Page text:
Government admits it should have tested new A-levels to avert fiasco

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The Independent Online

In the first formal admission it was to blame, the Government conceded yesterday that its failure to test the new A-levels contributed to last summer's exams fiasco.

Its official response to an inquiry by the Commons Education and Skills Committee, which was critical of its handling of the affair, concluded: "This lesson will be learnt." Under the Government's reforms introduced in Curriculum 2000, A-levels were split into two - AS-levels were taken in the third term of the sixth form and the A2 examinations in June of the following year. The AS- levels were piloted, but the A2 was not.

The inquiry into last summer's crisis, which resulted in 2,000 students having their results upgraded, said the decision not to pilot the exam led to confusion in exam boards over marking standards. Yesterday the Government said: "The possibility of piloting the A2 exam was not contemplated at the time ... This would have been desirable.

"We recognise absolutely that there are lessons to be learnt for the future about the way in which we implement major reforms of this sort.

"Detailed planning and extensive trialling is essential so that we can be confident all systems are in place and that teachers and examiners are fully trained in new requirements. There needs to be clarity ... about the standards against which an individual's performance will be assessed."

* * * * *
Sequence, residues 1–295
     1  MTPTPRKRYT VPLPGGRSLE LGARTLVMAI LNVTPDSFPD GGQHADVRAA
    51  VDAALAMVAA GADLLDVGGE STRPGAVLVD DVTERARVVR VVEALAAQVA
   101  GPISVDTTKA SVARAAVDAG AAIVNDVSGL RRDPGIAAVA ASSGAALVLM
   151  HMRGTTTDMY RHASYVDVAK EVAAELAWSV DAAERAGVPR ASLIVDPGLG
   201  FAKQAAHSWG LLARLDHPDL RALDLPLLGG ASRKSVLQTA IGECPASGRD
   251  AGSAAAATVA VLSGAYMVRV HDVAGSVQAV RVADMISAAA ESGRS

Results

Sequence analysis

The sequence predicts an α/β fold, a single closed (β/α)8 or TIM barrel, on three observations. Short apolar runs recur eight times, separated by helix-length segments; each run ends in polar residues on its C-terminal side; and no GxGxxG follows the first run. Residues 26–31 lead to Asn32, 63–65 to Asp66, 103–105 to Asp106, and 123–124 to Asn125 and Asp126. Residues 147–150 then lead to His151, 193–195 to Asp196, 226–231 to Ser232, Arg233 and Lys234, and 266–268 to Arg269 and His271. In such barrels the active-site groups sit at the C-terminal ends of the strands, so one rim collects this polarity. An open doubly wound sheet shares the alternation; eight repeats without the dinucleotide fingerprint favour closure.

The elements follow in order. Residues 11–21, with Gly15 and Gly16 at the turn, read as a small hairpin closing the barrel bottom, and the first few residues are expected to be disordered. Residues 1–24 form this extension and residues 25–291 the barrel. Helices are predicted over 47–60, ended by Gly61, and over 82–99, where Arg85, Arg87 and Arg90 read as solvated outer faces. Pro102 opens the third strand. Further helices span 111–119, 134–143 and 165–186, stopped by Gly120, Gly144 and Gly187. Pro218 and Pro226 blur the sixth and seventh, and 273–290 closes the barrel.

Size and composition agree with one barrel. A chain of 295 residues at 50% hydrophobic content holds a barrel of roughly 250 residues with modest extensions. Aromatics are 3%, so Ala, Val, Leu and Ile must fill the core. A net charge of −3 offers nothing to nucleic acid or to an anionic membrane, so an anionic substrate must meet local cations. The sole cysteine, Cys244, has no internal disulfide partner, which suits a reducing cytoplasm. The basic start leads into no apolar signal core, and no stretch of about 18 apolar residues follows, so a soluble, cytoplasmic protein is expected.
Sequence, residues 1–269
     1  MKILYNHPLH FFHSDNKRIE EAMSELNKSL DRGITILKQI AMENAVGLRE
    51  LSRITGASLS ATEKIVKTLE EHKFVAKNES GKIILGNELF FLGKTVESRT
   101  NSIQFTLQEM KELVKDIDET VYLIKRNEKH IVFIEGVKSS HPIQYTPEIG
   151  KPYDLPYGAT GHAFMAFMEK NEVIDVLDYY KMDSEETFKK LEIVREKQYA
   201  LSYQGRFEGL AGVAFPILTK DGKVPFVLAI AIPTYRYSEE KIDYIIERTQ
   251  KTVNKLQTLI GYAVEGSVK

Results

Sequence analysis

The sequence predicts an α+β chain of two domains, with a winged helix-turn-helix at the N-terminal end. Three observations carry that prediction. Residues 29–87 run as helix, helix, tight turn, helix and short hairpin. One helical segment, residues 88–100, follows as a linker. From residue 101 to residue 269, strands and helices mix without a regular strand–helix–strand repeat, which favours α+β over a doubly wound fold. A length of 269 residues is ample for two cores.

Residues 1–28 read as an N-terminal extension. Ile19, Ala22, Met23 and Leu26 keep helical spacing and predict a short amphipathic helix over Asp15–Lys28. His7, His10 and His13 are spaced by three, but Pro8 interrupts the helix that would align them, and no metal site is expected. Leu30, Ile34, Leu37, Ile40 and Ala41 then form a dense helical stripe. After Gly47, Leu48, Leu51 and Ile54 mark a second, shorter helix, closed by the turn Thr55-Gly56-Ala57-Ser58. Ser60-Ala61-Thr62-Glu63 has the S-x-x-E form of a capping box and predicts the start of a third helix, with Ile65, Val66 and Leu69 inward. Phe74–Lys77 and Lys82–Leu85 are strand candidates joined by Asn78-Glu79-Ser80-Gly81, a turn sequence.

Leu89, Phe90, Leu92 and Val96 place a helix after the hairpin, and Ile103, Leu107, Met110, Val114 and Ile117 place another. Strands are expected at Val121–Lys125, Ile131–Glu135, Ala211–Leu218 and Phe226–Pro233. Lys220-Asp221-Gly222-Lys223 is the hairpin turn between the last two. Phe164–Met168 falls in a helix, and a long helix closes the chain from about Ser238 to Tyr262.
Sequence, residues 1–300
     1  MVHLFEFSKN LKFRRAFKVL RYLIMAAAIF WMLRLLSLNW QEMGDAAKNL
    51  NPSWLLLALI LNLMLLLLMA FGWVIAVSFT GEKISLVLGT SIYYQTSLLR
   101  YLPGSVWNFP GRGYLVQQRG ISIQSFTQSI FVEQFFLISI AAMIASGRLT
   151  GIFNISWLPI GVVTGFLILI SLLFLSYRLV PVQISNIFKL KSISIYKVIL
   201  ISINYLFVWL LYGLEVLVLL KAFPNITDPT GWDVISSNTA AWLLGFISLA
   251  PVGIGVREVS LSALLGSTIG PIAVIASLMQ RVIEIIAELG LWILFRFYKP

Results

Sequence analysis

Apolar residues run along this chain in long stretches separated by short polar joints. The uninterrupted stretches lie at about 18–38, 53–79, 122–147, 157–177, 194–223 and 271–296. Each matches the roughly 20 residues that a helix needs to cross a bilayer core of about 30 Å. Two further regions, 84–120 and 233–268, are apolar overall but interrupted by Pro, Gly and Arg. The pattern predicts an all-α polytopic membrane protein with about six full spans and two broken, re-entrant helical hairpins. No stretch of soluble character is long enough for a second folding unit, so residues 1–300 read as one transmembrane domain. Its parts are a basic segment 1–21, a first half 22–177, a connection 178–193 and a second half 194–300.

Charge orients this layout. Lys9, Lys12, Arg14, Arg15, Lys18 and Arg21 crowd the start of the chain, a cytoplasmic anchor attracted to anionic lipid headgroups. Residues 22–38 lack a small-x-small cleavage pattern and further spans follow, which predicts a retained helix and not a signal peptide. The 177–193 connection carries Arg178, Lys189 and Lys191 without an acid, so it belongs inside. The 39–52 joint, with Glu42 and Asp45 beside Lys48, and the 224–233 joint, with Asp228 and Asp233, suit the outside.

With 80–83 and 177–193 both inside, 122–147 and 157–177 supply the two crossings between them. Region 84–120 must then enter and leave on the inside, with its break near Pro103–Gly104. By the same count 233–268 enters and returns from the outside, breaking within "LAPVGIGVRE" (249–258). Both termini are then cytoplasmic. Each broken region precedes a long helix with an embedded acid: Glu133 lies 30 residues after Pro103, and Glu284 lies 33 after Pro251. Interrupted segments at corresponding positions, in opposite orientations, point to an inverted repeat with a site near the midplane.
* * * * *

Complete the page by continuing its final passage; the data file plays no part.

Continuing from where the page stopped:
The response made clear ministers were acting after advice from its exams watchdog, the Qualifications and Curriculum Authority. They hope this admission - before this year's A-level results are issued - will draw a line under last summer's fiasco. The immediate reaction of the Government at the time led Estelle Morris, Education Secretary at the time, to sack Sir William Stubbs as chairman of the QCA, citing exam boards' claims that he had put pressure on them to reduce marks. He has since won £95,000 compensation.

The Government and the QCA are optimistic that stringent new checks on marking standards will avoid a repeat of the previous summer. This year, for the first time, if there is a disagreement between an exam board's chief executive and chief examiners over marking grades, it has to be referred to the QCA immediately.

Yesterday's response also confirmed ministers would adopt a "softly, softly" approach to the shake-up of the exam system proposed by Mike Tomlinson, the former chief schools inspector who is now chairing a review of 14 to 19 education.